11 November 2020

Protector of hematopoietic cells

The discovery of protective proteins will slow down aging

Georgy Golovanov, Hi-tech+

A new study by scientists from England and Scotland has revealed a protein that plays an important role in protecting the body's hematopoietic stem cells from damage caused by infections. This discovery may lead to new ways to slow down the aging process.

It is known that hematopoietic stem cells (HSCs) are located in the bone marrow and produce blood cells and immune cells. When an infection enters the body, they increase production to repel an attack. However, scientists could not understand how GSK protect themselves by working overtime, according to a press release from the University of Edinburgh Scientists discover safeguard that protects blood's ‘Fountain of Youth’.

Article by Mapperley et al. The mRNA m6A reader YTHDF2 suppresses inflammatory pathways and sustains hematopoietic stem cell function published in the Journal of Experimental Medicine – VM.

"We know that inflammatory processes trigger hematopoietic stem cells to rapidly produce immune cells and fight infection," explained Kamil Krank, co–author of the study. "However, these pathways can gradually deplete stem cells or cause them to age prematurely, and it is important to understand how this could be stopped."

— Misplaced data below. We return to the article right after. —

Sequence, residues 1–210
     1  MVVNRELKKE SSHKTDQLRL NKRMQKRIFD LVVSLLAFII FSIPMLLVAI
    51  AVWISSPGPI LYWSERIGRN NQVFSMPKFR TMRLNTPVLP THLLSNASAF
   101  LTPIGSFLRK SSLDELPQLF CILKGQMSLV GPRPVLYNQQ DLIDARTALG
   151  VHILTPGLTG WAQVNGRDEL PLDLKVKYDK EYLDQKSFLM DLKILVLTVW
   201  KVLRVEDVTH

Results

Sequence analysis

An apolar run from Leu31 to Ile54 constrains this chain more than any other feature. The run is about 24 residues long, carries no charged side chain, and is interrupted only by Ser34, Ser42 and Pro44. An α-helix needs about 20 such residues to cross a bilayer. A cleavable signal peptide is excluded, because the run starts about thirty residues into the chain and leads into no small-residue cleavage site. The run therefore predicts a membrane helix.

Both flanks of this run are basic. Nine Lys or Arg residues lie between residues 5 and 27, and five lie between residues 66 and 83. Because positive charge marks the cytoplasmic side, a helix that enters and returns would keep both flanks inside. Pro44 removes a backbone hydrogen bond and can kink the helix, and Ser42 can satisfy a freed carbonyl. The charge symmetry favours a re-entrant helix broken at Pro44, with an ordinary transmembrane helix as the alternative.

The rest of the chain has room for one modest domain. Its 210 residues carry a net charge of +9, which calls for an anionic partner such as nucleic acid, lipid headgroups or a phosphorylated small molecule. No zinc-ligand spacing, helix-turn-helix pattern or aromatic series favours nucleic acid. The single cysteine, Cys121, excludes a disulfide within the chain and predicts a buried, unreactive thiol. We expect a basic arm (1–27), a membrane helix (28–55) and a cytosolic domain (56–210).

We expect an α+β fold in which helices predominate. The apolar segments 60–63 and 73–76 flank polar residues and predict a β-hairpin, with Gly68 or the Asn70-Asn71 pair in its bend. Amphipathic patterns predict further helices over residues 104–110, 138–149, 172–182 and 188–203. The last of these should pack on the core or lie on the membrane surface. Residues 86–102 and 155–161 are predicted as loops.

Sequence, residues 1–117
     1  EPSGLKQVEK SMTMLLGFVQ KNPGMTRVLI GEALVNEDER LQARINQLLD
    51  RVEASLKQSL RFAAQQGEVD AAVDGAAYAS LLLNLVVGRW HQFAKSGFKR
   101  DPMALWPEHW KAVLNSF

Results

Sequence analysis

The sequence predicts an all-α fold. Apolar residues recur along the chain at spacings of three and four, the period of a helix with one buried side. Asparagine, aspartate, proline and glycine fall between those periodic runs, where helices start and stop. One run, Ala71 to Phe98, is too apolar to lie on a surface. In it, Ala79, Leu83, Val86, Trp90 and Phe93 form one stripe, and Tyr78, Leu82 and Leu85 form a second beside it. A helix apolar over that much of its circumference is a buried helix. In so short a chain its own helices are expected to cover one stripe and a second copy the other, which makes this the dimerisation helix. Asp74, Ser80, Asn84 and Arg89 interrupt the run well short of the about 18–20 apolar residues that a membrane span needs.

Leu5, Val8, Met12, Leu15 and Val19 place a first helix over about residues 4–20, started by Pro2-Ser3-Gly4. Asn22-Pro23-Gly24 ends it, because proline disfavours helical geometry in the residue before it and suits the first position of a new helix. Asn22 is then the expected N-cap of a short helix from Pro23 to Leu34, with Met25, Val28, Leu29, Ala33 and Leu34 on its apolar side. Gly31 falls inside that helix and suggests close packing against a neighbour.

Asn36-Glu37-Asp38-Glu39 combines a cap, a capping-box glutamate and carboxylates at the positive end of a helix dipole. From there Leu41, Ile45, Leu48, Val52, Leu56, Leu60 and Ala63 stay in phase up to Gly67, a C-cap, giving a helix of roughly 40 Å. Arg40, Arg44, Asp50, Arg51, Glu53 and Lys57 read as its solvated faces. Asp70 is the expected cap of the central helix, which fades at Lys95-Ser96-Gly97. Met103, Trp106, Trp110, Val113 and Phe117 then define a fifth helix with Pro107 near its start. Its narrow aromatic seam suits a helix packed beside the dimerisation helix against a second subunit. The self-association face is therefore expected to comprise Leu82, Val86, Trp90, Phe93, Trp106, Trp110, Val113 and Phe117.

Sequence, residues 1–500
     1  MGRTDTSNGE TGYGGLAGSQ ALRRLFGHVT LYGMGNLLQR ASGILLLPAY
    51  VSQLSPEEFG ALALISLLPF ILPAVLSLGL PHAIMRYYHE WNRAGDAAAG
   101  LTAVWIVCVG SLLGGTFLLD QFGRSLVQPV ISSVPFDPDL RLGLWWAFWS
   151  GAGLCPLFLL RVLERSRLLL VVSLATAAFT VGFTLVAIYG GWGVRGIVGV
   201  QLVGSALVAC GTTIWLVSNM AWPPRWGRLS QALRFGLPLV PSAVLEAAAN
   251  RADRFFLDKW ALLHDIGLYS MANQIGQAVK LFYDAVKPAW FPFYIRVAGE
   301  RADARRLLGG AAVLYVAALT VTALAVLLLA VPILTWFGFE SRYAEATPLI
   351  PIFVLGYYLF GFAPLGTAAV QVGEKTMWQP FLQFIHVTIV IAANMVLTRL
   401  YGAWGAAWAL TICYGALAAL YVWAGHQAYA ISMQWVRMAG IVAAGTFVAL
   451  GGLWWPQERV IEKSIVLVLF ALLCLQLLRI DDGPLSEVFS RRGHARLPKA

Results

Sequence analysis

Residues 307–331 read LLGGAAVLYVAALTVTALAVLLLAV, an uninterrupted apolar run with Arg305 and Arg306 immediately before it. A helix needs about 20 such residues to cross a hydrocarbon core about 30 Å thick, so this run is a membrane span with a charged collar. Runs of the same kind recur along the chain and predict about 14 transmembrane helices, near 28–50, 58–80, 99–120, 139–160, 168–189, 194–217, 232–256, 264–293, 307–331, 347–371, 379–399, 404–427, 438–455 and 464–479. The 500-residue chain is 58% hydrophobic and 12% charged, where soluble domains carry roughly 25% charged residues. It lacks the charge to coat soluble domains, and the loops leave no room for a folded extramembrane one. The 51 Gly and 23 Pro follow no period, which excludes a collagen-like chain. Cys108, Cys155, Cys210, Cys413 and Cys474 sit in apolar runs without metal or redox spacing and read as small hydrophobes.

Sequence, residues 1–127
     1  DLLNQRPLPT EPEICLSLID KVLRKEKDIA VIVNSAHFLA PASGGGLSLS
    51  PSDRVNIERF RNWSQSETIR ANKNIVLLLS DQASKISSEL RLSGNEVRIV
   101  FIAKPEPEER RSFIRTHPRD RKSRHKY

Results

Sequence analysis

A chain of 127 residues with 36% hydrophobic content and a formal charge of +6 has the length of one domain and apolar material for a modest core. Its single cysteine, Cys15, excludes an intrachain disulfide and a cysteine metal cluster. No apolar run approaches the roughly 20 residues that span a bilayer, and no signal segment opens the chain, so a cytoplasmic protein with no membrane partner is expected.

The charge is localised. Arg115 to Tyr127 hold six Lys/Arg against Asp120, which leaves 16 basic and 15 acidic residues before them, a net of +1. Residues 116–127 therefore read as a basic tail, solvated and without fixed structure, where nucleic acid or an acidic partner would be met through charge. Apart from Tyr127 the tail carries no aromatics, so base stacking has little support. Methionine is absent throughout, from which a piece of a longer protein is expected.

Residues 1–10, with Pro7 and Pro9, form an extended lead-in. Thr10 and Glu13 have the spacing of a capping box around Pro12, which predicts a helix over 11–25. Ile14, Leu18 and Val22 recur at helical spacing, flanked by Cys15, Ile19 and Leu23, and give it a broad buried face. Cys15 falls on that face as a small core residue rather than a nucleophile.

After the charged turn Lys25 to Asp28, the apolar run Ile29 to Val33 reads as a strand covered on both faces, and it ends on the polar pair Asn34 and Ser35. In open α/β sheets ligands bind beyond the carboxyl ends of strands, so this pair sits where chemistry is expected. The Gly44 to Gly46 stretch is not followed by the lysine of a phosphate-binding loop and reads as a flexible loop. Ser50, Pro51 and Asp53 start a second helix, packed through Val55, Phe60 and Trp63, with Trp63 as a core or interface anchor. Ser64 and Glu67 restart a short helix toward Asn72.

In their study , experts from The University of Edinburgh and Queen Mary University of London have identified the protein YTHDF2, which is responsible for this important work. When an infection enters the body, HSC produces many more immune cells, but at the same time inflammatory processes begin that can damage stem cells.

Scientists have found that YTHDF2 regulates the genes that control these inflammatory processes and protects stem cells from premature aging.

In order to investigate the role of YTHDF2, they conducted an experiment on mice with a deficiency of this protein by injecting them with a substance acting as a viral infection. GSK rodents were struck by chronic inflammation, changing the production of various types of blood cells. It is curious that the blood of young mice began to resemble the blood of old ones.

These conclusions are consistent with the previously obtained data from experiments with blood transfusion of young animals to old ones to improve their health and even to slow down the development of Alzheimer's disease. Further studies will determine whether it is possible to slow down aging by manipulating the level of YTHDF2 protein.

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